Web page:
Confession: I’ve never been to England. I’ve been to Germany, France, Belgium, the Ukraine, and all over the United States, but somehow I’ve never made it to England. Suddenly though, now that I’m writing a story which partially happened there, I’d very much like to go!
I sit back and imagine what I’d want to visit, if I went. London of course. Who could go to England and not visit London? And I’m sure I’d go to a lot of historical places. I love history, and let’s face it, compared to some of the stately pieces of the past they have there, most “historical” locations in America are barely out of elementary school!
I’d also visit the Tolkien and C.S. Lewis attractions, naturally. As a writer, I think I’m practically obligated to! (Though I’d want to anyway).
But there’s something else I’d have to see that might not make it onto the average American tourist’s site-seeing list.
For those of you who don’t recognize it in the *photo above, this beautiful white windmill is located on Lytham Green in the seaside town of Lytham St. Anne’s. It stands in the same place it has stood for over 200 years (yes, it was around before the little skirmish in 1812, everybody) a silent white sentinel between the water and the houses, stretching its sails to the sky.
And it hasn’t changed much since the 1940’s when Lily Brown was there to see it. The only dramatic difference between then and now would have been the grassy humps of air-raid shelters on The Green, as seen in the 1944 picture below.
I suppose not everyone experiences this, but for me, touching pieces of history that have seen more in their lifetime than I could ever see in mine gives me a sort of pleasant chill. There’s a kind of awe in the realization that people who lived and breathed and loved and laughed long before I even existed put their hands on the very same objects mine are touching today.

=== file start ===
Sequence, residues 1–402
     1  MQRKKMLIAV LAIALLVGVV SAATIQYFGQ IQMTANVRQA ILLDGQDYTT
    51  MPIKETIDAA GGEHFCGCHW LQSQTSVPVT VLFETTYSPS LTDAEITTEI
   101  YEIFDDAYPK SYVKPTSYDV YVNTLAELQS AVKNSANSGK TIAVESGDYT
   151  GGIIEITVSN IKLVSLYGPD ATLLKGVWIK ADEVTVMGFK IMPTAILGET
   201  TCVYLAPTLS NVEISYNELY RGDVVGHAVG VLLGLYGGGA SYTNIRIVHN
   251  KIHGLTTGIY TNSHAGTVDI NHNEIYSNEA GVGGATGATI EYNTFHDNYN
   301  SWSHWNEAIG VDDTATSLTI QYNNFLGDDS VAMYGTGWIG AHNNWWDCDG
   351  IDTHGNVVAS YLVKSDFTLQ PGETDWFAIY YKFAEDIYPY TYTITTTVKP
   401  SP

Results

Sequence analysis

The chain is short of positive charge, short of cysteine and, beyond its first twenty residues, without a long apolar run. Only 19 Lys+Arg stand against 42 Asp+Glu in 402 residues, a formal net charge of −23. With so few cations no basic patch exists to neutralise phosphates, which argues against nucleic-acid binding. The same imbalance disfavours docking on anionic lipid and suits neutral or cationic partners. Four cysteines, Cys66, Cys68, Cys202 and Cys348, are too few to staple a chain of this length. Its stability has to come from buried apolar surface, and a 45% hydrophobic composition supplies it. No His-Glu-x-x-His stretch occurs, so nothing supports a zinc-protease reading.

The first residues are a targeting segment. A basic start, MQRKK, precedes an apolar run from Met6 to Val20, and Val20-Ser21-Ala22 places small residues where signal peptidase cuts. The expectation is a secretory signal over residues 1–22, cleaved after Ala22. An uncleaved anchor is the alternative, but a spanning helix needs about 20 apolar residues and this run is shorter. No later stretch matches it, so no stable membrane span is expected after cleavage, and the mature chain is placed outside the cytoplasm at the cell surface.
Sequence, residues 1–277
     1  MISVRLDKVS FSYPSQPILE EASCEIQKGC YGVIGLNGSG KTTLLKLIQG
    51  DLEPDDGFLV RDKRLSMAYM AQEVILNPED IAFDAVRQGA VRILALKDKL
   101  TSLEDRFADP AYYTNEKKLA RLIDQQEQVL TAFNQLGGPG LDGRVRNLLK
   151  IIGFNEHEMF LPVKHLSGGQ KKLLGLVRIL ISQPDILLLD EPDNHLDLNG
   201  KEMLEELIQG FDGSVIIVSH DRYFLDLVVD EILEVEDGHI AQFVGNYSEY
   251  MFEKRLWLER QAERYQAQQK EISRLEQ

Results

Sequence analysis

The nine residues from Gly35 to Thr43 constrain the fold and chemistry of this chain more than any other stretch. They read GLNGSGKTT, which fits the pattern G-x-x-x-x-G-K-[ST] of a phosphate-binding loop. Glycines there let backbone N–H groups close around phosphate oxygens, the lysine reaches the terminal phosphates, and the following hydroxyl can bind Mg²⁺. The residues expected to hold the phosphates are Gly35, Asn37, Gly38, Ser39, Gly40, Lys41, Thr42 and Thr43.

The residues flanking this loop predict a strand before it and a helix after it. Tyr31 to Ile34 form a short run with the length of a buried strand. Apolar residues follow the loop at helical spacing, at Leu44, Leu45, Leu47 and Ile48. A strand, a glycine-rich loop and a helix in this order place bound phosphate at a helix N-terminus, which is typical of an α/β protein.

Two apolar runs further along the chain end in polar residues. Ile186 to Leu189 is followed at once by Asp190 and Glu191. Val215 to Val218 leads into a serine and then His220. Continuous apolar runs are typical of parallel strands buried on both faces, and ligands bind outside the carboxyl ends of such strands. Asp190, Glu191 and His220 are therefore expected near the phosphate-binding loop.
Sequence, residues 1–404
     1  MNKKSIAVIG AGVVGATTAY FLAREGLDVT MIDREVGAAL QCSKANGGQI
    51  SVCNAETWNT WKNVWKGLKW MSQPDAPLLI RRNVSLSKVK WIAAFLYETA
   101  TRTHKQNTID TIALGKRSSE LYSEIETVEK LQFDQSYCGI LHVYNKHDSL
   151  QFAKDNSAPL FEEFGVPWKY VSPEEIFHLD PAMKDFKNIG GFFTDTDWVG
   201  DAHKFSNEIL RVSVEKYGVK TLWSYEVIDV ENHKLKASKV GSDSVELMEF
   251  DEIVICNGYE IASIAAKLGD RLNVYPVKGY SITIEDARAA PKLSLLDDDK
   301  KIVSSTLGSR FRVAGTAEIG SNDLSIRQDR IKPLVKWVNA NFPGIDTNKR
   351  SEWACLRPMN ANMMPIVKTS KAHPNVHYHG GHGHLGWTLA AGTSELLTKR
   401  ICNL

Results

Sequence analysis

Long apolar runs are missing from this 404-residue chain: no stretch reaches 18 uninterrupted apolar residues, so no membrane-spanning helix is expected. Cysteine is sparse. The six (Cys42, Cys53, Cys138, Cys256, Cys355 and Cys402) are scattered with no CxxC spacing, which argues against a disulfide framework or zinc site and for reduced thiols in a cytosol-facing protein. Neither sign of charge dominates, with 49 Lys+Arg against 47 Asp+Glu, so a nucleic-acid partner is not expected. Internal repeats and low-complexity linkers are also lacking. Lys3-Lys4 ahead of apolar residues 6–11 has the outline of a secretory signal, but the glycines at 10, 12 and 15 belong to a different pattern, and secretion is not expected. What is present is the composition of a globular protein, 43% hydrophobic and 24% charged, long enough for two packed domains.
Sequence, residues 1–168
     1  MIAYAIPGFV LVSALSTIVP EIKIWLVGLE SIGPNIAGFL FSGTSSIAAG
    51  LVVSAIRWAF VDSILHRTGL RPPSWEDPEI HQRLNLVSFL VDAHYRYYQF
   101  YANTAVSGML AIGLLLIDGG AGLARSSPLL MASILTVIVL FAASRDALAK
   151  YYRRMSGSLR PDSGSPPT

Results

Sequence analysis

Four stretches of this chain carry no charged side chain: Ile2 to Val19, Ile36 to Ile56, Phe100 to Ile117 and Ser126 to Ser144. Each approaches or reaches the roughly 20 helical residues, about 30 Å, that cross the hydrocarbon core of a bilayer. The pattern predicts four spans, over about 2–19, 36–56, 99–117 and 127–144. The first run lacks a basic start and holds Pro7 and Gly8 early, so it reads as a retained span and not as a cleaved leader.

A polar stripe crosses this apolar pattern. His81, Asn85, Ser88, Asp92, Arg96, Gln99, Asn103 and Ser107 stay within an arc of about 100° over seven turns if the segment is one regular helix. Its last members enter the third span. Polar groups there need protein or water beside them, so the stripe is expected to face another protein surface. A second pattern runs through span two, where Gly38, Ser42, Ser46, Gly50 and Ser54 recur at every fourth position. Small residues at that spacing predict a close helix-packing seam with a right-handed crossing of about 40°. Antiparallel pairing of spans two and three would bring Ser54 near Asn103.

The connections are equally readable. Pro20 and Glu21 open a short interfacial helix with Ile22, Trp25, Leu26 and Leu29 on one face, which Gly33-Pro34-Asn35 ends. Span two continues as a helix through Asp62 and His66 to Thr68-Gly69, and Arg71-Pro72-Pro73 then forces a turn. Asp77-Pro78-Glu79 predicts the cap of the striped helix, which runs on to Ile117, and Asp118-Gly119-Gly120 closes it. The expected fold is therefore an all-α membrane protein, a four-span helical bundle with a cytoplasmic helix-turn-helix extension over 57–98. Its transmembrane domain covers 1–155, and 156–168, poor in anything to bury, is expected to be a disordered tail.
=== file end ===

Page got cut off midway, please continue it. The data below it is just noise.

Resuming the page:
The past holds a never-ending charm for me. I seriously considered going back and getting a second degree, just so that I’d have one in history as well as English. I guess that’s why a biographical novel felt like a perfect fit!
I’m so much enjoying writing Lily and Fred’s story, and hope that someday I can visit the places they would have walked and talked and laughed together: Lowther Gardens, and the pavilion where they met at a dance, Clifton street, where the Browns lived, the Park Street church, where Fred and Lily were married. But most of all, I want to sit on the wide ribbon of grass between the town and the shore, and look up at the white windmill that is still standing strong, after 200 years of change have swept the world around it, bold and proud and beautiful…stretching its sails to the sky.
*Top image photo credit: Chris Illingworth